Earlier this year, my wife and I drove to Southern California in search of information on the wearable computing market. After stops in Irvine, San Diego, and some play time in La Jolla we returned in time for the CASPA Symposium: “The Wearable Future: Moving Beyond the Hype; the Search for the Holy Grail and Practical Use Cases.” CASPA is the Chinese American Semiconductor Professionals Association and their Spring Symposium was at the Intel HQ Auditorium in Santa Clara with a standing room only crowd.
The big attraction for me was the keynote speaker Dr. Reza Kazerounian, SVP & GM, Microcontroller Business Unit of Atmel. I originally ran across his name during my research for “A Brief History of STmicroelectronics” (the piece I did last week) as he was CEO of ST Americas from 2000 to 2009. It was truly an honor to hear Dr. Reza Kazerounian speak.
“The Internet of Things (IoT) is opening up fresh horizons for a new generation of intelligent systems that leverage contextual computing and sensing platforms, creating new markets. One of these platforms is the wearable category of devices, where the combination of sensors using low-power sensor fusion platforms, and short-range wireless connectivity, are giving rise to a variety of exciting end markets. From self-quantification to a variety of location-based applications, to remote health monitoring, wearables are becoming the harbinger for a whole host of services. With the right set of biometric sensors combined with local fast data analytics, wearables have the potential to revolutionize the health care industry. These devices can provide real-time data and contextual information along with all the health care requirements, improving the quality of care, and lowering the overall cost of care. This discussion will review the underlying technologies needed to make the “always-on health care revolution” happen, and explore how the future of medicine is being shaped by wearable devices.”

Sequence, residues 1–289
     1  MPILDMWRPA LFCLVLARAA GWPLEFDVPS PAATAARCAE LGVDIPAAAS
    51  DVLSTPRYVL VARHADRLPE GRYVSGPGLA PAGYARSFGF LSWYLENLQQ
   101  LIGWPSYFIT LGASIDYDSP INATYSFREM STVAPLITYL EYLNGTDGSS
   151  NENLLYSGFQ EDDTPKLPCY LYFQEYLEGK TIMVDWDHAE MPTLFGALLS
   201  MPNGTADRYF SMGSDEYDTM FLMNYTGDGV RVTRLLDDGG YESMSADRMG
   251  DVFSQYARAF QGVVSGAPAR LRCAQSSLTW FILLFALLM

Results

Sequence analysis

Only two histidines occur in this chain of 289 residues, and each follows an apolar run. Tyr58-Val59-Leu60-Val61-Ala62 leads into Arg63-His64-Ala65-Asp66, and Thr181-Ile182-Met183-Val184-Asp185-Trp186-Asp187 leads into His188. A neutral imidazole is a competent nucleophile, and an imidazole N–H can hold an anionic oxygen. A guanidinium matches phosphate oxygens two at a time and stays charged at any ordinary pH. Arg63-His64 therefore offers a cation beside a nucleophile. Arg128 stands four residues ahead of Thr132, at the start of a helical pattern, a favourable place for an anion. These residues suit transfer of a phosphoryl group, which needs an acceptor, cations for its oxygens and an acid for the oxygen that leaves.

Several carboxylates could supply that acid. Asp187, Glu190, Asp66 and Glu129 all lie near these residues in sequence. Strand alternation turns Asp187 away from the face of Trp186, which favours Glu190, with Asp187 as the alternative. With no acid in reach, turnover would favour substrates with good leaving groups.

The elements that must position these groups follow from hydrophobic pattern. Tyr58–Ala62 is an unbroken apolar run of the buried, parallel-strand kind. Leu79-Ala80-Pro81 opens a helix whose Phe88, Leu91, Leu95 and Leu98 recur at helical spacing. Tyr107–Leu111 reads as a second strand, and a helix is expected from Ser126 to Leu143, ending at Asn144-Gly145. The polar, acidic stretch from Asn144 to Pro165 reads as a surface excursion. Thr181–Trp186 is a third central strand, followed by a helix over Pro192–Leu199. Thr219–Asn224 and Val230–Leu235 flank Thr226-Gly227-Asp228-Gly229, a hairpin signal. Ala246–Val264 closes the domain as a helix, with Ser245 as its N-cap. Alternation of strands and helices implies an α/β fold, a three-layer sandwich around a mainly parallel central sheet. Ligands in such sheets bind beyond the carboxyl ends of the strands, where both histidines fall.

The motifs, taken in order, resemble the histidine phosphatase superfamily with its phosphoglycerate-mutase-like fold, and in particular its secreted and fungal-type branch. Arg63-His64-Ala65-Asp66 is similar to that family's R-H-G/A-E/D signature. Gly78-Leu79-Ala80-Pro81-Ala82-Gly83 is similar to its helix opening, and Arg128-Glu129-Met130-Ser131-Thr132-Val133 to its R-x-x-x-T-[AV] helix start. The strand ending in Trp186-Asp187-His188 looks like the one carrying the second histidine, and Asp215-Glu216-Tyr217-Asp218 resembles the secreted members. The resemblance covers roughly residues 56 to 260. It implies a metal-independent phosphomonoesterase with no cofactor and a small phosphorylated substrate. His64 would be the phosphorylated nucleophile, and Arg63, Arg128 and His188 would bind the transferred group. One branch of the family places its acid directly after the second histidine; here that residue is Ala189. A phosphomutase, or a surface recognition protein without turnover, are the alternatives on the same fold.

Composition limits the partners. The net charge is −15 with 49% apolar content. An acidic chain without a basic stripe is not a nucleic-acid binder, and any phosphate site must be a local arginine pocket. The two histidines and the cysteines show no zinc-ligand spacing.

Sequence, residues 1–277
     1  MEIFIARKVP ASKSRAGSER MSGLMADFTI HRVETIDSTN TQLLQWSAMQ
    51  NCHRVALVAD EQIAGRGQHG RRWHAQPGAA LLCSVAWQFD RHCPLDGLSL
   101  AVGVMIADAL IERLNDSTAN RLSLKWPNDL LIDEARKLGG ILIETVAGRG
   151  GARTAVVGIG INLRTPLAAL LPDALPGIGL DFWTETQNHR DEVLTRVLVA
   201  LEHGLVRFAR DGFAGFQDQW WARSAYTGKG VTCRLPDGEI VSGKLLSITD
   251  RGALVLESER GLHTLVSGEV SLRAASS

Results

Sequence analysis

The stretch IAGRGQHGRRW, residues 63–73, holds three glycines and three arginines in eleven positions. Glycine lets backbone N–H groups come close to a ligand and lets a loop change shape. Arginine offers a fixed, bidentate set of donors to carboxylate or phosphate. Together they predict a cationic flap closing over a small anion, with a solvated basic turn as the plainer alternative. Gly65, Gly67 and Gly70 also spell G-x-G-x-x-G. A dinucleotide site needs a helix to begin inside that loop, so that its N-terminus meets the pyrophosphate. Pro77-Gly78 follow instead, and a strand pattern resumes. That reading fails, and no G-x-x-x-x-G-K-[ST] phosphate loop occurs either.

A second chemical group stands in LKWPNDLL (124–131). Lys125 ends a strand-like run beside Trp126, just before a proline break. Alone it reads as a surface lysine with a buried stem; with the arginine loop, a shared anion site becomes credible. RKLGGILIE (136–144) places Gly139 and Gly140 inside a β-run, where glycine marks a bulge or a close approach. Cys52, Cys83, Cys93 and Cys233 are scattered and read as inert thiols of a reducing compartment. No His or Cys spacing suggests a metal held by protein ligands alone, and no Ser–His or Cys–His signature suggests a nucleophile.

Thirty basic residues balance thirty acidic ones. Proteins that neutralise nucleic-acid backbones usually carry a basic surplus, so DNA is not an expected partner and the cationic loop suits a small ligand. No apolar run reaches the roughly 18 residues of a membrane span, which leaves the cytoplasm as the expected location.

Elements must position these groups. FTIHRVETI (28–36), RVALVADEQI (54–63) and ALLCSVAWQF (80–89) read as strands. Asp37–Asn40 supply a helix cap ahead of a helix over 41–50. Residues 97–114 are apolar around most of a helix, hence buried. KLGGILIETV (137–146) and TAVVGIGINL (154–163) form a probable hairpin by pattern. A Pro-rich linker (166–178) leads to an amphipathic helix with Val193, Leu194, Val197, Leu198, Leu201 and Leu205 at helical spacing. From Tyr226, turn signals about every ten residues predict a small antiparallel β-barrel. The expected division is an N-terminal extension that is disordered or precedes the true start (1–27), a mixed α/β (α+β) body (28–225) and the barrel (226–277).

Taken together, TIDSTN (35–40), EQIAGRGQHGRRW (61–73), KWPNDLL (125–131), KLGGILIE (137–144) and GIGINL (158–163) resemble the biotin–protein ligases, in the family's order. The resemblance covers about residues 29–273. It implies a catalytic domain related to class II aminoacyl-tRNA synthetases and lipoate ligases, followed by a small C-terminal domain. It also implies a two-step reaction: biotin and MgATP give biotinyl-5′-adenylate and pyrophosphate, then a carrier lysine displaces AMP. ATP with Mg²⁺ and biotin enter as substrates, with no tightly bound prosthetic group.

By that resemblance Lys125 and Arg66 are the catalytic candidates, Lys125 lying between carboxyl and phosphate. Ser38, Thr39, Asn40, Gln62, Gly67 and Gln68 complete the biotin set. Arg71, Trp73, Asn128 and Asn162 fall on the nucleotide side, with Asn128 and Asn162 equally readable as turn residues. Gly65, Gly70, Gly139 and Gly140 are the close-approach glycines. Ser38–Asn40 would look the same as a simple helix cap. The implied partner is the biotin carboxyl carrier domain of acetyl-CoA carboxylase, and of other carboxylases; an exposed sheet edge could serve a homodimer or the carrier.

Contextual computing is the key term here and, yes, I had to look it up. The application I’m most interested in, besides fitness, is security. I want my smartphone to know it is me holding it by my movements, voice, and usage. I remember back when my credit card kept getting security flagged when I started traveling internationally. Once Visa profiled my usage it never happened again. As the smartphone takes over our financial lives, security will be even more critical, absolutely.
There are three key components to wearable market silicon: Low power, low cost, and low area. Billions of these devices will be deployed over the next 10 years so the market will by far exceed smartphones. The wearable market will be very fragmented which opens up opportunities for entrepreneurs around the world. In fact, Dr. Kazerounian predicted that 15% of those devices will come from companies that are less than 3 years old to which I agree wholeheartedly.
One of the big challenges is low power connectivity. For now these devices will be talking to our smartphones and that means ultra-low power connectivity. Coincidentally, Atmel recently announced a new SmartConnect family that combines Atmel’s ultra-low power MCUs with its wireless solutions and complementary software into a single package:
“Ultra-low power wireless connectivity is critical for embedded applications in the era of the Internet of Things,” said Reza Kazerounian, Sr. Vice President and General Manager, Microcontroller Business Unit, Atmel Corporation. “Atmel’s SmartConnect technology is about simplifying the use of embedded wireless connectivity technologies and enabling users to accelerate their time-to-market. This simplicity allows all players to participate in the IoT market, fueling the innovation needed to accelerate adoption.”
Celebrating their 30th year, Atmel is an IoT market leader with an interesting history that you can read about it here.
This post has been republished with permission from SemiWiki.com, where Daniel Nenni is a featured blogger. It first appeared there on Marcn 9, 2014.